The U.S economy is still in the doldrums. But former general and CIA director David Petraeus and Brookings scholar Michael O’Hanlon see the possibilities of a new economic boom on the horizon. IF the government doesn’t mess it up.
Here are the promising developments:
●An energy revolution. We are the world’s largest producer of natural gas, with a 100-year supply, and we are on track to become among the largest producers of crude oil.
●A manufacturing revolution. We are rapidly developing robotics and 3-D printing, areas in which the United States is among the world’s leaders.
●A revolution in life sciences.Genetics and stem-cell technology offer great potential in fields such as agriculture and pharmaceuticals and fundamentally new approaches in medicine.
●The IT revolution and the transition to cloud computing, in which we are also leading.
With all of these advantages, together with our North American Free Trade Agreement (NAFTA) partners, the energy-rich and economically dynamic Canada and Mexico, we could be on the threshold of the New North American Decades. The prospect is that North America — not China, Japan, Europe or India — will pull the world out of the global economic slowdown. But we will do so only if government gets the basics right.
But for these to come to fruition, Petraeus and O’Hanlon say, the government needs to cut the deficit and follow these policies:
●Regarding energy, agree on the Keystone XL pipeline while fostering partnerships between extraction companies and environmental groups; determine required regulatory rules; and grant a modest number of licenses to export natural gas.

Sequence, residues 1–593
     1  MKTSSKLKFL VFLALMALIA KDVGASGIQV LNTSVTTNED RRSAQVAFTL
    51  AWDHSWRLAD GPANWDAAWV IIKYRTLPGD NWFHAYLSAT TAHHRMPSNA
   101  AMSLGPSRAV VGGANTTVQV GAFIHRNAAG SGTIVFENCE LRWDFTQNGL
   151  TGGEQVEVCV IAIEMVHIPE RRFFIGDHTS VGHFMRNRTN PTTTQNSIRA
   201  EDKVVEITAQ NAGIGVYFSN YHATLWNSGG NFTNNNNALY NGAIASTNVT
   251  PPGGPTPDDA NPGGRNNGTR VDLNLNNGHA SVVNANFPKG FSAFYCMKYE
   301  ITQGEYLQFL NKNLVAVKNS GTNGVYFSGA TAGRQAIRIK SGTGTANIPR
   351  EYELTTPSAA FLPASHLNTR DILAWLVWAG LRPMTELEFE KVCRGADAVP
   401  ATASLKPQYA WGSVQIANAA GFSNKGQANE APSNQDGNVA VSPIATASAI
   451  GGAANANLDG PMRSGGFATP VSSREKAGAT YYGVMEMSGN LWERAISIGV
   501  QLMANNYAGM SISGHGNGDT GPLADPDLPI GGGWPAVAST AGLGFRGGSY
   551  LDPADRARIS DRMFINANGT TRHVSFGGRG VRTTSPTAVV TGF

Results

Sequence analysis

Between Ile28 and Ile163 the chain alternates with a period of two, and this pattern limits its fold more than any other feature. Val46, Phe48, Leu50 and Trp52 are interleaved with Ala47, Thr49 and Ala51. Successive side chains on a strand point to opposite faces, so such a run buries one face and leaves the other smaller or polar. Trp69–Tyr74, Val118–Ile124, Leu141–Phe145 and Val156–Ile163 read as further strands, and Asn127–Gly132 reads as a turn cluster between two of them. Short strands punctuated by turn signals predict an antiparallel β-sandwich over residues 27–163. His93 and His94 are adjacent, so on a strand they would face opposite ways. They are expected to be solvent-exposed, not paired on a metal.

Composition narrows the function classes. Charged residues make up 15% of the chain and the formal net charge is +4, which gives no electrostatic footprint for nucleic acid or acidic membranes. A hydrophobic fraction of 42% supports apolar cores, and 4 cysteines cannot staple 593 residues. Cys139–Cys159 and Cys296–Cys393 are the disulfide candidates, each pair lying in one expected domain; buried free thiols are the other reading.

●On infrastructure, drive the establishment of faster and cheaper Internet connections for most Americans to fully exploit the shift to cloud computing; and repair and rebuild roads, rail lines, ports, electricity grids and other assets that support our economic supply chains.
●On human capital, reform immigration policy; encourage science and technology study and research; and improve public schools while underwriting training in rigorous, relevant vocational skills.
●On finance, reform and simplify the tax code to stimulate savings; make health-care costs more visible; and help bring home the more than $2 trillion sitting offshore.
We see here an interesting blend of proposals from the left (raise revenue; more money for schools) and the right (balance the budget; approve the Keystone pipeline). They suggest a partisan balance: “We suggest that, for the good of the nation, each party agrees to achieve equal amounts of something neither wants to do: Republicans should produce, say, $500 billion in additional revenue over 10 years, and Democrats should identify $500 billion worth of reforms to entitlement programs over the same period.”
I wonder if the undoubtedly competent general may be positioning himself for higher office–despite his resigning in disgrace over an adulterous affair–as a post-partisan harbinger of hope.
At any rate, the optimism is refreshing.